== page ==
Some 200 additional U.S. military personnel will be moving ashore in Liberia soon. Not all will remain on the ground overnight but it is the biggest American force committed so far to the West African-led peacekeeping effort in the war-torn country.
The bulk of the new U.S. force will be some 150 Marines who will temporarily act as a land-based quick reaction unit.
Senior Pentagon officials stress the deployment is not intended to meet any specific threat.
Instead Lieutenant General Norton Schwartz of the Pentagon's Joint Staff says the Marines will only be used if West African peacekeepers, known as the ECOMIL force, run into unexpected trouble, especially as they move into the port of Monrovia, Liberia's capital.
"It is a reaction capability if something unexpected occurs to an ECOMIL unit and only again to stabilize the tactical situation such that they can restart their mission," he said. "It is not a security mission."
In addition, General Schwartz tells reporters aircraft aboard the amphibious assault ship Iwo Jima off Monrovia will be made available to act as airborne escorts when West African troops make the port move.
Besides the quick reaction force, other U.S. personnel the Pentagon is sending in will include Navy Seals who will ensure the waterway leading into the port is free of any obstacles. Military engineers will conduct an overall port assessment to ensure shiploads of humanitarian aid can enter.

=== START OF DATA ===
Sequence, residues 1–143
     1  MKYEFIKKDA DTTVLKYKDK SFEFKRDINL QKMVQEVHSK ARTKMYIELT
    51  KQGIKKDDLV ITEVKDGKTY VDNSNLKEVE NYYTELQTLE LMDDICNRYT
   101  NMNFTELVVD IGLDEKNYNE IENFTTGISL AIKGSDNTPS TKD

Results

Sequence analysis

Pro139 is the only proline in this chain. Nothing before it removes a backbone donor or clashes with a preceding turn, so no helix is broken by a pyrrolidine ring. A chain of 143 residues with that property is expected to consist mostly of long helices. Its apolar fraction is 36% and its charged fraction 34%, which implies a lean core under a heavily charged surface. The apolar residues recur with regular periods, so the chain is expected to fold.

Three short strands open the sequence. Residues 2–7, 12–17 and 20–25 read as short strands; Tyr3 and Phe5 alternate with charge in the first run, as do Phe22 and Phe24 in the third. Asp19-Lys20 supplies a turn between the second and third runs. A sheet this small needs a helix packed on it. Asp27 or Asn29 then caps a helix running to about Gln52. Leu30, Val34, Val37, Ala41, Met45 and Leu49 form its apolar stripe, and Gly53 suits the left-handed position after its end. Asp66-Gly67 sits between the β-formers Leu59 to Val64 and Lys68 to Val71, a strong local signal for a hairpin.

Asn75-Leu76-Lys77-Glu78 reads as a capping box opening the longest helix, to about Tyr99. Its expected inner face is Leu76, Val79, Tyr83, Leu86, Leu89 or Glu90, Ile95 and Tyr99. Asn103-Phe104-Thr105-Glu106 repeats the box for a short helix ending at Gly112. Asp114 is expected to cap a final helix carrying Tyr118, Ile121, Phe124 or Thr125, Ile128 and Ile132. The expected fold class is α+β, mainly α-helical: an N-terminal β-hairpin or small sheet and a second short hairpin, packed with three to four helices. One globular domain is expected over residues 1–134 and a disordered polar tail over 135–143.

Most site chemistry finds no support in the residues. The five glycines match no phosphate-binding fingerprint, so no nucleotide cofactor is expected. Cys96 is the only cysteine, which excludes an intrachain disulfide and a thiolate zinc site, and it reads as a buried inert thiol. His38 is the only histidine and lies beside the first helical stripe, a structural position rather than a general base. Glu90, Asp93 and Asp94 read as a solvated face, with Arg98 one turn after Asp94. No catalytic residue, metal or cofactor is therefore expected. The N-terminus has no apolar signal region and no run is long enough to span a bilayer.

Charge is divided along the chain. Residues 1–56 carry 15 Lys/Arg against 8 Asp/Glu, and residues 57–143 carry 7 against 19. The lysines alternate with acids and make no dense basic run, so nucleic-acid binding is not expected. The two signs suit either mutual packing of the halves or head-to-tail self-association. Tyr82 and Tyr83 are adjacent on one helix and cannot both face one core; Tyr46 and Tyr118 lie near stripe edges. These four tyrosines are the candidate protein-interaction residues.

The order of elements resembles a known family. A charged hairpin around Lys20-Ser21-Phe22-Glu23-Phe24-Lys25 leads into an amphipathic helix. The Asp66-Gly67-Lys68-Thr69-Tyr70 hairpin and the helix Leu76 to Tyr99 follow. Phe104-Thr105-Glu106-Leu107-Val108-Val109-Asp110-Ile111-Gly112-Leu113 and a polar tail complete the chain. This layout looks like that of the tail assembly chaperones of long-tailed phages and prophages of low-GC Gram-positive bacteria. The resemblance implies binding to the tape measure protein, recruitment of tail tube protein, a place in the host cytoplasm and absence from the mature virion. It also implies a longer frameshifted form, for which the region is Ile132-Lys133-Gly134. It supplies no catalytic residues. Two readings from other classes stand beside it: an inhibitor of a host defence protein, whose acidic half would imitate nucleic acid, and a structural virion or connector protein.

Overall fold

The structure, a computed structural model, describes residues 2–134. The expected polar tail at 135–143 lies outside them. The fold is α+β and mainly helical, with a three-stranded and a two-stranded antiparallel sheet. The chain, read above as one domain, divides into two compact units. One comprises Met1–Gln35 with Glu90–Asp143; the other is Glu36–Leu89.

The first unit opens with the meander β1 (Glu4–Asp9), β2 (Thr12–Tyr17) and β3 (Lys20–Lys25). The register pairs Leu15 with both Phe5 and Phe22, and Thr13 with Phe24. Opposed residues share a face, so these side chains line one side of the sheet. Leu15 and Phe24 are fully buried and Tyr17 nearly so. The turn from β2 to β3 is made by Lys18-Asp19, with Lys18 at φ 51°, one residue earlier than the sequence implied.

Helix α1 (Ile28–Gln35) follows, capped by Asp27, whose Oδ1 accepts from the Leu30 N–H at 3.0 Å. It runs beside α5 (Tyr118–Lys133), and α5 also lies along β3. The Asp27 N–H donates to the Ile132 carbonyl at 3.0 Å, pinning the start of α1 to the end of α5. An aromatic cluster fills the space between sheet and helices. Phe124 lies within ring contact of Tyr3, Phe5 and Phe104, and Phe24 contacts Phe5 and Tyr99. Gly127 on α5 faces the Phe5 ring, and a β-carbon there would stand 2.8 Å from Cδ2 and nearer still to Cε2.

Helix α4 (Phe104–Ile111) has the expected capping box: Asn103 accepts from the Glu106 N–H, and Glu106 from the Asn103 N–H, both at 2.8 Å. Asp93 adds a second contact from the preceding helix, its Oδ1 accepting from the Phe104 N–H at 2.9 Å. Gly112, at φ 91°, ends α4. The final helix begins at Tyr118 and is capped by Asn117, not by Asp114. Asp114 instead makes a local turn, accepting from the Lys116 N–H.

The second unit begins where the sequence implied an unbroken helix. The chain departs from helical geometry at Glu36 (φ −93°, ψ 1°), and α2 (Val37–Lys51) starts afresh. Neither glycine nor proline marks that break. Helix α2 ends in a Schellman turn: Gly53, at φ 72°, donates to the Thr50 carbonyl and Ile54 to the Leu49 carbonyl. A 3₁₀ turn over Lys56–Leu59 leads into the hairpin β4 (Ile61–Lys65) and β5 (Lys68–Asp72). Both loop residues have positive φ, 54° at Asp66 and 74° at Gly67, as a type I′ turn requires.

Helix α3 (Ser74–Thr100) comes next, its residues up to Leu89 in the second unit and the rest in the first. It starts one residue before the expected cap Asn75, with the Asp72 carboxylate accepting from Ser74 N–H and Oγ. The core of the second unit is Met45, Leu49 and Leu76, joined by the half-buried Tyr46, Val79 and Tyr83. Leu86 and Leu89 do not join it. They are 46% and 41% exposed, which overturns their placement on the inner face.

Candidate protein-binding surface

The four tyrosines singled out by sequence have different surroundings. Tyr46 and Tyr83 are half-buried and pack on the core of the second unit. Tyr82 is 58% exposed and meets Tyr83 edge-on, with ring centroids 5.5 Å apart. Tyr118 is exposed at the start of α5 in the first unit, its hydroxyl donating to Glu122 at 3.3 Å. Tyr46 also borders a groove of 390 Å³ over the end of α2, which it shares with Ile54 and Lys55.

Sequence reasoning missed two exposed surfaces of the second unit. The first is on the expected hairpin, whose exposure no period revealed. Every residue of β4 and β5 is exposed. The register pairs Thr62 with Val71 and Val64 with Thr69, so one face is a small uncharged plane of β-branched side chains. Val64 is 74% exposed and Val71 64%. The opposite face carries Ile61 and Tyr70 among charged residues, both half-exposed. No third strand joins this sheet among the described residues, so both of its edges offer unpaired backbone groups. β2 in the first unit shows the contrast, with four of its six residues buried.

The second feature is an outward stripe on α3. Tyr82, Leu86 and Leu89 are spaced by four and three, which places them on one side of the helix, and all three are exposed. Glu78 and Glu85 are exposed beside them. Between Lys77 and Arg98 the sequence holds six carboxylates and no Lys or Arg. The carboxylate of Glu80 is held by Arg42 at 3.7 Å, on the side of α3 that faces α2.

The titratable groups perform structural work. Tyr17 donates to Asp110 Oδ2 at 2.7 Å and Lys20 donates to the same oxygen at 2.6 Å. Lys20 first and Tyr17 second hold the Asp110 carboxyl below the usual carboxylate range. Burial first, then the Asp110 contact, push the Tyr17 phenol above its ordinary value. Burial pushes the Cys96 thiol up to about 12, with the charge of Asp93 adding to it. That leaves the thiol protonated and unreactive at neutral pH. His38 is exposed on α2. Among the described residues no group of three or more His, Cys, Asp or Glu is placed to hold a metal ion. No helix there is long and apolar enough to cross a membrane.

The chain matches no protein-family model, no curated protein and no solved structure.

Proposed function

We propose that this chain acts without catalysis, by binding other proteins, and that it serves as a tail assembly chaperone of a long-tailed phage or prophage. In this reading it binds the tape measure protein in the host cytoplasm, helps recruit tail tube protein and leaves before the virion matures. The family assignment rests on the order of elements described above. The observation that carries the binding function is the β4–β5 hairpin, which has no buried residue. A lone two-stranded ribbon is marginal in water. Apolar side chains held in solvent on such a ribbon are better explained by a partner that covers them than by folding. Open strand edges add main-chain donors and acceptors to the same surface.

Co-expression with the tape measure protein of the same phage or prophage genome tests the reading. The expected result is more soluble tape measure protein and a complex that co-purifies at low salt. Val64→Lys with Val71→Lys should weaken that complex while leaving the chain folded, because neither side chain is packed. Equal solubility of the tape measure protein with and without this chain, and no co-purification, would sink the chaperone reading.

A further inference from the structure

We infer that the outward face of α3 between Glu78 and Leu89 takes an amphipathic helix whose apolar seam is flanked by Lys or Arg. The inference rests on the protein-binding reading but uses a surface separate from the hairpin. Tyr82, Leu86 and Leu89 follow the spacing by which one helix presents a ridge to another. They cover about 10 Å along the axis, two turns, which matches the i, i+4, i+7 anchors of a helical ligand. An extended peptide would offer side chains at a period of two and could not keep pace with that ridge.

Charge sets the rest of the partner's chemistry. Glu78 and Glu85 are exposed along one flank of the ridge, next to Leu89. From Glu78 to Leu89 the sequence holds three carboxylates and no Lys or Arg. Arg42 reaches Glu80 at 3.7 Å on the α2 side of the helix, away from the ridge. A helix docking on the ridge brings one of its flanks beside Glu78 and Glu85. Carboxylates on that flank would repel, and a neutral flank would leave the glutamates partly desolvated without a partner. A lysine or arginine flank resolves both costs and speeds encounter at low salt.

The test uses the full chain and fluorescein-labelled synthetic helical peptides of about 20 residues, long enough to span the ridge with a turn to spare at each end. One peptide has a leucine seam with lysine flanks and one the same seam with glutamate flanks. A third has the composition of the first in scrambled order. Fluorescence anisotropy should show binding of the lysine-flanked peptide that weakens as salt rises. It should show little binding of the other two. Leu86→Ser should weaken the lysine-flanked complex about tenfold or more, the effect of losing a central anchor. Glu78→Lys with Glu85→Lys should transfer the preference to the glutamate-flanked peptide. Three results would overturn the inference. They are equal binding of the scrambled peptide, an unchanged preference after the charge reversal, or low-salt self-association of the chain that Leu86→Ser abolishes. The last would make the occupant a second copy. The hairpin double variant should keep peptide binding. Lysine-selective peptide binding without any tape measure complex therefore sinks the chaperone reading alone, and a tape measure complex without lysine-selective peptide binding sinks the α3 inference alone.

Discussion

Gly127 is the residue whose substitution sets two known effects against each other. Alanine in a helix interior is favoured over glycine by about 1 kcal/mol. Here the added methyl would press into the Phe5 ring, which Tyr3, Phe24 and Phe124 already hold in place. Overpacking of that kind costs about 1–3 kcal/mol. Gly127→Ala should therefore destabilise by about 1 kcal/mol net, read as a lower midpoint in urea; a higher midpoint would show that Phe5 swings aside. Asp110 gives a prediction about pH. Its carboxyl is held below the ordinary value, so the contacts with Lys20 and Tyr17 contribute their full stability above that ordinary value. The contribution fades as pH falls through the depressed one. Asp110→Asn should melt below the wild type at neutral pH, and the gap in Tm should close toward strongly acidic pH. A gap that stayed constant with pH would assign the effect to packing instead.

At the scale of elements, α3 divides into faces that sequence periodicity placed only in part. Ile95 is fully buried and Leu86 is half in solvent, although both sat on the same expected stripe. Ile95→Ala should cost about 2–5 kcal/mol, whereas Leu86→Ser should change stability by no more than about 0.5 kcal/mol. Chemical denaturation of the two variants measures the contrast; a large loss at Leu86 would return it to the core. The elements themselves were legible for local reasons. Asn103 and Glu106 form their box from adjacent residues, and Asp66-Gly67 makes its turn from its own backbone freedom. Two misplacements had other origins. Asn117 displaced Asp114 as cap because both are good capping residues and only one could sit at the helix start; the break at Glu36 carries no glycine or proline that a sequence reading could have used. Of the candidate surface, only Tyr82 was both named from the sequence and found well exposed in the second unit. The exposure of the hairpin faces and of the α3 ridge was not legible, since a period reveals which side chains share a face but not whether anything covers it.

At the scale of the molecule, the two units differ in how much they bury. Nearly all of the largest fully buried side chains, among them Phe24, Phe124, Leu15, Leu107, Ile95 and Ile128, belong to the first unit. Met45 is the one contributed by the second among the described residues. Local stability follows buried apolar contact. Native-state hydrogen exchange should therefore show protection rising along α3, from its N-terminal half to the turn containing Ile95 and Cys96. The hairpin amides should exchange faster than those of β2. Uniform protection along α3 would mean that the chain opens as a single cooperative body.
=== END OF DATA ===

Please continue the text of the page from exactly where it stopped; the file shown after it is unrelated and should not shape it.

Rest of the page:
Some 2,300 Marines are aboard the three-ship Iwo Jima group off the coast of Liberia.
But until now, fewer than 100 American military personnel have been in Monrovia. Most are security forces at the U.S. embassy compound with a small liaison unit working with West African peacekeeping troops.
Pentagon officials say the quick reaction force is expected to move back offshore to the Iwo Jima group when additional West African peacekeepers arrive in Liberia, perhaps by the end of this week.
In the meantime, defense officials are ruling out any move by any of the ships in the Iwo Jima group into Monrovia's port.
Instead they say top priority will be given to bringing into the port a World Food Program vessel carrying aid that is now laying offshore. Pentagon officials say it is loaded with both food and fuel.
Thousands of hungry Liberians stormed the rebel-held port Wednesday, looting warehouses containing humanitarian supplies.
Rebel fighters guarding the warehouses initially fired shots in the air to stop the chaos. They eventually gave up and let people take as much as they could.
The rebels have agreed to surrender the port to West African peacekeepers on Thursday.
Monrovia has been calm since ousted leader Charles Taylor resigned and left Liberia on Monday for exile in Nigeria.